Most Jews of Kyrgyzstan are concentrated in Bishkek, constituting a relatively new community: nearly all of the Kyrgis Jews migrated to Kyrgyzstan after the Russian Revolution or as evacuees or refugees from European Russia during World War II.
There is evidence of the first Jewish settlements in Kyrgyzstan about a thousand years ago. However, the Jewish community began forming in the second half of the 19th century as Central Asia was annexed by the Russian Empire, and both European and Bukharian Jews came to settle on the territory of today’s Kyrgyzstan. Ashkenazi Jews preferred the northern part of the republic, while Sephardic Jews settled in the south. In the 20th century, the Bukharian Jews began migrating gradually to the northern regions.
The number of Ashkenazi Jews grew in the 1940’s, primarily with exiles and refugees. The number of evacuated Jews during World War II is estimated at 26,000.
In 1941, a synagogue was opened in Bishkek.
By the end of the 1970’s, the Jewish population of Kyrgyzstan had shrunk to 7,200. Along with European and Bukharian Jews, small groups of Karaites, Krymchaks, and Caucasus Jews lived in Kyrgyzstan, all suffering to some extent from Stalinist repression.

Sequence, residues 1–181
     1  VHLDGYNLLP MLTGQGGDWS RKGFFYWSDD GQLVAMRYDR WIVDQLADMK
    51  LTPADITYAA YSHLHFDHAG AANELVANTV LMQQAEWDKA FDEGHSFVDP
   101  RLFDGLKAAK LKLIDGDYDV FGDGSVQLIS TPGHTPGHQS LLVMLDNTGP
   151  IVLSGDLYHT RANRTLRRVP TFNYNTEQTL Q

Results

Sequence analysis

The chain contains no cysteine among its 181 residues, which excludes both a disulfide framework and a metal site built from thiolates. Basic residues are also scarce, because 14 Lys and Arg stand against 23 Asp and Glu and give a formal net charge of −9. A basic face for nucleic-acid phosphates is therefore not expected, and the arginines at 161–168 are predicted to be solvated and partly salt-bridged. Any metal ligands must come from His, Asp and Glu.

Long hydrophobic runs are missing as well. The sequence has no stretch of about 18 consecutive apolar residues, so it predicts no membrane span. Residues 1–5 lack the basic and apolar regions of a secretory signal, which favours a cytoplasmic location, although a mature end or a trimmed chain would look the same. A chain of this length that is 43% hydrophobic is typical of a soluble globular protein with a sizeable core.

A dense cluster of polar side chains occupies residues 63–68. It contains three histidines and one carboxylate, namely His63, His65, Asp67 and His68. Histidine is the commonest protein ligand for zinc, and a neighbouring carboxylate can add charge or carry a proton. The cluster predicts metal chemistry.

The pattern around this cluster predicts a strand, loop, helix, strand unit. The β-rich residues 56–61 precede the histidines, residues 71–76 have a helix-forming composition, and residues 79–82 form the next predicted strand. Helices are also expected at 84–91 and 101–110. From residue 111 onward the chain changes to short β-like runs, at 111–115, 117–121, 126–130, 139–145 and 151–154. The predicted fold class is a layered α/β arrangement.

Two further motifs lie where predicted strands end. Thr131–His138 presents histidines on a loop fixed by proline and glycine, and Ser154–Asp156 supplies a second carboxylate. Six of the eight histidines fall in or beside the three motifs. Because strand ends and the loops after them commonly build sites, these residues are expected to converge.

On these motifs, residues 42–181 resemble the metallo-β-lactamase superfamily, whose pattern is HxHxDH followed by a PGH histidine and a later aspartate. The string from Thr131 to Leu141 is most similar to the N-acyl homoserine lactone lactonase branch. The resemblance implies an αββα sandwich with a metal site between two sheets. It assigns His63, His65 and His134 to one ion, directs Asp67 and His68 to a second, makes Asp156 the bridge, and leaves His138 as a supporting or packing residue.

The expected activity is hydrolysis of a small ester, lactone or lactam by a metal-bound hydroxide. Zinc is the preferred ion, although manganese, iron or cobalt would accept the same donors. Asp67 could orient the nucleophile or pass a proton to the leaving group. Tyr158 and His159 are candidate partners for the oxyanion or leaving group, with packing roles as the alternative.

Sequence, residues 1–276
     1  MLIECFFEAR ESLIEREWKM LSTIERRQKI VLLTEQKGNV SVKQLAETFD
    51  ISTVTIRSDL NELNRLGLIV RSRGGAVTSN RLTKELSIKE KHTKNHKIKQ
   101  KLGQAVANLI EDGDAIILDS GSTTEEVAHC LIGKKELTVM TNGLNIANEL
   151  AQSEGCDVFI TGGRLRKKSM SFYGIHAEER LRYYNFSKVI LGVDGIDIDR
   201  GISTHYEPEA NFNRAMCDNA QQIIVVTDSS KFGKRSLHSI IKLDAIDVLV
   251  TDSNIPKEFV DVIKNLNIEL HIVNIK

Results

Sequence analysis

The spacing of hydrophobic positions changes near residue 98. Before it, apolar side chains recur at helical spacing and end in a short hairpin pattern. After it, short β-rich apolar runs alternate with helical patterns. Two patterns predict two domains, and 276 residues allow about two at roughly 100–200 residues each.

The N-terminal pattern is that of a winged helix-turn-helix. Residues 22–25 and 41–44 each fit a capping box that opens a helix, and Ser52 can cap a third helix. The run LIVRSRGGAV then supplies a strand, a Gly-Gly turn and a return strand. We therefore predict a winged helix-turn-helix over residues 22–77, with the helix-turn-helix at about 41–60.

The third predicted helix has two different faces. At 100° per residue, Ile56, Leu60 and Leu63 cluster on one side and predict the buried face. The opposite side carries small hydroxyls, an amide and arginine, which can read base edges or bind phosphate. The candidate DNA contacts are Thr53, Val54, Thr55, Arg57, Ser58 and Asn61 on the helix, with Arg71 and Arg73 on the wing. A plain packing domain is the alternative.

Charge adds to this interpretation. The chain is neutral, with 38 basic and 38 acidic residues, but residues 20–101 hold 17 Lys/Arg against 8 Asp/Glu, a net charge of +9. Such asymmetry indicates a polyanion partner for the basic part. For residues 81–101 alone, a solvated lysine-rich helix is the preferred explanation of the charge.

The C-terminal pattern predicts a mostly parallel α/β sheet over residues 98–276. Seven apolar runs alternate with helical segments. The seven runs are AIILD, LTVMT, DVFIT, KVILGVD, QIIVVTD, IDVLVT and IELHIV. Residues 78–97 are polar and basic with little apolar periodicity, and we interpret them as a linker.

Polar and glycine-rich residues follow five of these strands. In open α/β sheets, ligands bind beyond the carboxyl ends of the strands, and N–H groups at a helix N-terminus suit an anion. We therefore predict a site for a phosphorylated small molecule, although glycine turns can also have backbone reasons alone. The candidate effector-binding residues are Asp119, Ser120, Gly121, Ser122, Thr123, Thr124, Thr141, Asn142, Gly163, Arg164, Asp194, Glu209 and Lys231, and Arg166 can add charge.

Over 5,000 have emigrated from the country since the early 1990’s. Their move to Israel and other countries continues to this day.
Today the Jewish community is actively functioning in Bishkek. There are a synagogue, a daily prayer, the Jewish general education school celebrated its 25th birthday, the social support service has been functioning for more than twenty years. The community has bright traditions of non-formal Jewish education: there are Hebrew courses, history lessons and traditions, the community gets together for the holidays.
The JFuture Jewish Educational Sunday School, a special project of the Euro-Asian Jewish Congress, functions in Bishkek.